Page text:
Middle East Monitor has released an interactive map to visualize the number of civilian deaths in each region of Syria. The map is accompanied by charts showing how many civilian deaths have been caused by the various forces operating in the country and how many attacks these forces are responsible for on medical facilities and personnel.

The Middle East Monitor Interactive Map of Syria uses data from the Syrian Network for Human Rights, Physicians for Human Rights, the United Nations, the SAMS Foundation and As well as showing the number of civilian deaths in each region in Syria the map allows you to view the locations of chemical attacks, where medical workers have been killed, the number of internally displaced people and the locations & numbers of coalition airstrike attacks.

Vintage Maps of the Hudson River

The New York Public Library's collection of geo-rectified vintage maps is a great resource for exploring old maps from around the world. If you want to search for old maps by location then you can use the map interface on the NYPL Map Warper page.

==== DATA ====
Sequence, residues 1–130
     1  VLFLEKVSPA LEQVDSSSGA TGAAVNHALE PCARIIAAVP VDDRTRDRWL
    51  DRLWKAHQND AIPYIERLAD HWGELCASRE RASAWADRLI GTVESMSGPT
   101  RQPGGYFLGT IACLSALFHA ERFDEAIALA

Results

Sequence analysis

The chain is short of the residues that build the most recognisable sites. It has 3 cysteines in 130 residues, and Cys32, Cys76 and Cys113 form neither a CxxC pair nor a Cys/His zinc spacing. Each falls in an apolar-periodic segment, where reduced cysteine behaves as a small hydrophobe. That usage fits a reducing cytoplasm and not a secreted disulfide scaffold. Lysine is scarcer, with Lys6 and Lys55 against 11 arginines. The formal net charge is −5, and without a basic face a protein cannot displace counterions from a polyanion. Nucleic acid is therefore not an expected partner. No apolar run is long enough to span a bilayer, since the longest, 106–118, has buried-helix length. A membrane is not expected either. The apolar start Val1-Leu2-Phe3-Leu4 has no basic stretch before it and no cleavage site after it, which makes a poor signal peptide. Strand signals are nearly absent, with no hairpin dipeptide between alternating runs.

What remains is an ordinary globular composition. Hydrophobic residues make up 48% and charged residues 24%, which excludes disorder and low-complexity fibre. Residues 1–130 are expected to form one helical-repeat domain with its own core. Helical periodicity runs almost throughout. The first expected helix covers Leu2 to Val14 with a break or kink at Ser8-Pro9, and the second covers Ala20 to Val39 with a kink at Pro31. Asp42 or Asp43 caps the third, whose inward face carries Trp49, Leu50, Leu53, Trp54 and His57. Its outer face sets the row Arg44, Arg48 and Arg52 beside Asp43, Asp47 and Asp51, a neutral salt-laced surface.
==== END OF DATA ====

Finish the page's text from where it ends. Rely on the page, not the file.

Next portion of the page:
Bert Spaan, of NYPL Labs, has also created an interesting interactive strip map which allows you to find and explore vintage maps from the NYPL's Digital Collection along the Hudson River. Along the Hudson River from Glenn Falls to New York City uses the Leaflet.js mapping library to provide a map search tool for finding vintage maps, of places along the river, by location.

To explore and find maps from the NYPL you simply need to pan the map down the Hudson River. When you hover over a location on the map the available vintage maps at that location are loaded into the map sidebars. Each of the available maps include links to view the map on the NYPL's Map Warper and Digital Collections websites.